Just days away from the kick off of the new season, the MLS has reached a tentative agreement on a new collective bargaining contract with the players and their union. This move has prevented a PR disaster for the league and its commissioner Don Graber as the players threatened to walk out of the league and go on strike just four days before what could be the most important year in Major League Soccer. With more at stake than ever before, the agreement ends an anxious time for the MLS management team who can now sit back and watch as this season unfolds. But what type of season are we in for? Well the answer may lie in three important factors as detailed below. Could this well be the best MLS season in its near twenty year history?
More Competitive than ever
Since its inception almost 20 years ago, nine separate teams have won the league with LA Galaxy dominating in recent years with their most recent success being last season. But this new season sees the addition of two new teams – New York City FC and Orlando City bringing the number of teams in the league up to 20. Both new sides could pose a threat to LA’s defence with New York in particular looking strong through their squad. Managed by former Real Salt Lake boss Jason Kries and under the watchful eye of iconic US midfielder Claudio Reyna in a Director of Football role, New York have attracted Spanish striker David Villa and England midfielder Frank Lampard to join their cause. The duo could also be joined by Barcelona legend Xavi in the summer although his move is merely speculation at this point. Their additions give New York a strong chance but winning the league in their first season may be a stretch too far. Similarly Orlando, coached by Englishman Arian Heath who has assembled a multicultural squad including Brazilian Kaka, US international Brek Shea and Jamaican goalkeeper Donovan Ricketts are hoping for an immediate impact however they will face stiff competition from other sides in the league in the form of Houston Dynamo, Seattle Sounders, New England Revolution and DC United. Even Toronto FC, who dispatched with the troublesome Jermain Defoe over the January transfer window have a shot given the strength of squad they have now following the signings of Jozy Altidore, Sebastian Giovinco this year and Michael Bradley last year. This new season is anyone’s to win and could prove to be an exciting spectacle with several twists and turns along the way.
New Star Players
Since its debut in 1996, the single biggest draw for fans to attend games has been the star players on show. Whilst each team is limited to only three designated players, allowing them to stretch their salary caps beyond their given limits, teams have relied heavily on star power to draw in new and existing fans season after season. In the first few years, the draw mainly came from US internationalist like Tab Ramos, Eric Wynalda, Tony Meola and Alexi Lalas with a splattering of South American talent like the wonderfully gifted Carlos Valderamma and the eccentric Jorge Campos. The success of the 1994 World Cup held in the US, plus subsequent performances of the US team at the 1998 and 2002 World Cups helped to generate the passion for the game and gradually attendances started to rise. However it wasn’t until the arrival of David Beckham to LA Galaxy in 2007 and Thierry Henry in 2010 that the league started to be taken more seriously, not just in the US but abroad.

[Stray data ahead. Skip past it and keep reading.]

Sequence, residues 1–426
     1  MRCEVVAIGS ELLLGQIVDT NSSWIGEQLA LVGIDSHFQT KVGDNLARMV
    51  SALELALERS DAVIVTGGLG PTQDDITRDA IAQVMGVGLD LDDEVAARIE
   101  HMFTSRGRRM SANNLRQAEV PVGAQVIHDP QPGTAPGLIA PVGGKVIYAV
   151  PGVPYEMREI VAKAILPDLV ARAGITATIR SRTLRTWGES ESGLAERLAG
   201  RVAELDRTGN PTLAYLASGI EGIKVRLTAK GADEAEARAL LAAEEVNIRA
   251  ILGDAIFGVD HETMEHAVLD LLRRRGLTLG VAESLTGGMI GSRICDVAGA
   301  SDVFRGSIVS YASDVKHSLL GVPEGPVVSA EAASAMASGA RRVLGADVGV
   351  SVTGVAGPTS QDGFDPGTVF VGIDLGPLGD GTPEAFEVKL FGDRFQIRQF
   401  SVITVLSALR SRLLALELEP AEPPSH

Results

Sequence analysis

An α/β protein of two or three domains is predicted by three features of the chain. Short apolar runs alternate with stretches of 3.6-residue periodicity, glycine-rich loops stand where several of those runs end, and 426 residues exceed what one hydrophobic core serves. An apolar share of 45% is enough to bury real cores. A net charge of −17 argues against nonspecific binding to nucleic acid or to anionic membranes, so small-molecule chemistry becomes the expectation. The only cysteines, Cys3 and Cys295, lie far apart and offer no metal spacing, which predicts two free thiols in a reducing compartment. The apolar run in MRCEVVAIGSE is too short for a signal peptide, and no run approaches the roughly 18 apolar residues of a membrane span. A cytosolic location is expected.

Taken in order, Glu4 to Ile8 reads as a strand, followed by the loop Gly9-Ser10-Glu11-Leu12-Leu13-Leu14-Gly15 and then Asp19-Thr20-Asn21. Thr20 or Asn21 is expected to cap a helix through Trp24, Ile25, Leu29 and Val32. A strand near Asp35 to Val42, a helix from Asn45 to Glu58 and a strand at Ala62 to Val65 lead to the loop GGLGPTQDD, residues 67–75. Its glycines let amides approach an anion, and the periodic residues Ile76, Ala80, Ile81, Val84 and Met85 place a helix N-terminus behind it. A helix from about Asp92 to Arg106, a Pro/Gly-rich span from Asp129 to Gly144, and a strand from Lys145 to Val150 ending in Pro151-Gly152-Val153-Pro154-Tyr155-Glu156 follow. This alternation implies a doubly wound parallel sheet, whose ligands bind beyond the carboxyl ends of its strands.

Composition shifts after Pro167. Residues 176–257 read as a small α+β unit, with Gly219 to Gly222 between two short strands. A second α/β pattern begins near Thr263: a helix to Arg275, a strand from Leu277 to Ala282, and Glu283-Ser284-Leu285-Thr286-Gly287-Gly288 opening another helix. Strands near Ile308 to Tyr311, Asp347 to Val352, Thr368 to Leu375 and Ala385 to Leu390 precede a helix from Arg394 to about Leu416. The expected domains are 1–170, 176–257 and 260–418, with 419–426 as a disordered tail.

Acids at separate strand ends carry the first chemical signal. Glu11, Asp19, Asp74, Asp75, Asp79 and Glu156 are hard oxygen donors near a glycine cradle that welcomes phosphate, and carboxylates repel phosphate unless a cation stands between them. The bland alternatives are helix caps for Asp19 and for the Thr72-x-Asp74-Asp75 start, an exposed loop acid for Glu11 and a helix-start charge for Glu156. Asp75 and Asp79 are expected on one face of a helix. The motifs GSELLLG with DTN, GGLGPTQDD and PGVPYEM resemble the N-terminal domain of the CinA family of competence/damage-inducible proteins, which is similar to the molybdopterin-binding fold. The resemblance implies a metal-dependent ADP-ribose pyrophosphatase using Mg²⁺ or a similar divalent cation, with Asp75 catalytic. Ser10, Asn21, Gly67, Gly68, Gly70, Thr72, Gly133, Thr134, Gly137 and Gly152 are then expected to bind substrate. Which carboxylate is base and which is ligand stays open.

Once viewed by European players as a league to join in the twilight of your career for one final payday, the perception shifted dramatically when Republic of Ireland striker Robbie Keane, aged 30 joined LA Galaxy. His move heralded a new era for the league and its fans with it becoming one of the most exciting leagues in the world to play in. Since then, the MLS has attracted some very big names, most of whom will be on show this season. Steven Gerrard, Kaka, David Villa, Frank Lampard and Sebastian Giovinco are just a few of the new faces that will help kick off the new season (although Lampard and Gerrard will not join officially until the summer) as it gets underway this coming Saturday.
When the league kicked off, it struggled for a long time to get the exposure it so desperately needed from the US media. Obsessed with the more traditional US sports like football, baseball, hockey and basketball, column inches in newspapers and magazines dedicated to soccer were few and far between. Even worse was the desire of TV stations to cover games with little to no interest shown in the new professional soccer league in the US for several of the foundation years. Having been burnt before with the defunct North American Soccer League (NASL), US based media conglomerates like ESPN, Fox Sports and NBC have been cautious in their approach but as the league grew in stature so too did their confidence that the league and soccer as a mainstream sport in the US was here to stay. Today the MLS has bumper contracts with all three to showcase its games and have added Univision in an attempt to reach the growing Spanish audience in the US too. International awareness and interest in the league is at an all time high as well with TV networks across the globe now striking deals for their own countries to show the games and highlights much to the delight of the MLS.